Home wind power is mainly generating electricity for the home and extensions of the home, such as out buildings, using free energy that comes from the power of the wind.
People trying to disconnect from commercial utility grids can (and do) erect turbines outside their homes to save money.
In some cases the former consumer can now be the utility wholesaler and even sell excess energy back to the public or commercial utility company.
Installing a wind power generator for the home can be an easy task, or the process can have a few needed touches that can make the whole installation complex.
A domestic windpower generator
One such complexity can be the use of rechargeable batteries for when the wind is down, as well as wiring and transforming AC/DC currents.
If the project goal includes selling excess power back to the local utility grid or if regulations dictate that a tower needs to be erected by a professional, then finding a trust worthy contractor becomes a part of the process as well.
The tower is just a technical name for the pole that the turbine or other type of generator sits on, and in most cases will need to be installed by a qualified contractor due to regulatory and/or physical limitations.
There are many wind generator installation services. Some things to look for when hiring a contractor to install a home wind power generator on the property are:
- Safety Issues/Laws
- Municipal Regulations
- City Regulations
- State Regulations
The first thing to do is to find out what the local municipality feels needs to be regulated when installing wind power in the home.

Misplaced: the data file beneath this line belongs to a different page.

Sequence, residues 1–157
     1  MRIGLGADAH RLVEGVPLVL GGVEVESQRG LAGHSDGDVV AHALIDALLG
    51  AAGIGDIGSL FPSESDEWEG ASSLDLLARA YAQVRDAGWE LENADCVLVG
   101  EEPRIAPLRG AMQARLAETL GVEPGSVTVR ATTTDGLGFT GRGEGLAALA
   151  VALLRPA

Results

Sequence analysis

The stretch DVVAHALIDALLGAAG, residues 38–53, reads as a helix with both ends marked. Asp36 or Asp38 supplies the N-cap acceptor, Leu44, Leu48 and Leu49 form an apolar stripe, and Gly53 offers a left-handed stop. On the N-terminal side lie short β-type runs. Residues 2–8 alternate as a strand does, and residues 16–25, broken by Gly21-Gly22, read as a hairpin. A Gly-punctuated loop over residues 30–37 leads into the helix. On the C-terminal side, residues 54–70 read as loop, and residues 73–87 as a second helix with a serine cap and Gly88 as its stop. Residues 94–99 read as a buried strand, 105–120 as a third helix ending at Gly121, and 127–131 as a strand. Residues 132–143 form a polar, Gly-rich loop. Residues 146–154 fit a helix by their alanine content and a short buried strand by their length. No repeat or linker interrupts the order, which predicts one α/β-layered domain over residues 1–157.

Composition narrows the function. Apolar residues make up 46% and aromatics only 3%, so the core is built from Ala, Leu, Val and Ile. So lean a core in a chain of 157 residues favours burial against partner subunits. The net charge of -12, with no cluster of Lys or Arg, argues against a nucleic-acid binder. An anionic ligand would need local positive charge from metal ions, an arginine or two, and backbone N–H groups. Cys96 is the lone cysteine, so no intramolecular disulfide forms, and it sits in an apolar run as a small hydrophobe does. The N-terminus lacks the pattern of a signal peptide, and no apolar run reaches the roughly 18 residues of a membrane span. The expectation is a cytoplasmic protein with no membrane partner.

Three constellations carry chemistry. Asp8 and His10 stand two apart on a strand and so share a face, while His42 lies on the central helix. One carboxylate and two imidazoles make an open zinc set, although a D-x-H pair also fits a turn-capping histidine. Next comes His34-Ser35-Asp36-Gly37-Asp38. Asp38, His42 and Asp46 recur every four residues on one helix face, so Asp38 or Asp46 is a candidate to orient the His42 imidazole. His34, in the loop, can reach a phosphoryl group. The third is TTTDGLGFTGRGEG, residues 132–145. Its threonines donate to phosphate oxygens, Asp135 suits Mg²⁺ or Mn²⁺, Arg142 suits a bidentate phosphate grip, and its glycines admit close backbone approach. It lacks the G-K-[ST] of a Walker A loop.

There are safety issues that mostly can be overcome with common sense. However, these laws are in place for when the spirit of common sense fails us.
Regulations vary from city to city, and state to state, so they need to be checked out before spending any money.
Jim Johnson of a Public Coordinator for the National Wind Tech Center said in a phone interview:
Regulation is relative to where you live. The extremes in regulation go from no regulation at all, to extremely prohibitive.
Oregon for instance has no restrictions. California is very prohibitive when it comes to installing a wind tower and turbine.
But California will help you find a licensed contractor in the area you want to erect a residential wind generator.
Nevada is restrictive in a lot of the bigger areas, but the state also has a lot of rural places where in contrast the state is not as prohibitive.
Where I am in Colorado city construction is not prohibited.
Check out the EERA website, or Google search Wind Powering America. That is our site. There is a list there for each state. This information doesn’t get down to the various rules of each municipality: but if there are state regulations it will be listed there on the site.
The site also has detailed information about tax credits and rebates for wind power listed under each state that gives or awards them.
Home wind power is so new that a lot of local authorities either ignore that this change exists, by saying nothing: Or they simply are not caught up with the times, either way, safety comes first.
The general way that home power generation works is: Turbines will take advantage of wind that will agitate magnets to generate friction and electrical power for home use. This method is highly effective.
The turbine powered by wind is known to be powering homes in forty-seven states currently, and the potential for growth is strong.
Wind power for the home is one great alternative to traditional grid power, it is simple to put in place and can help off-set or eliminate electric bills.
Contributed by David Allison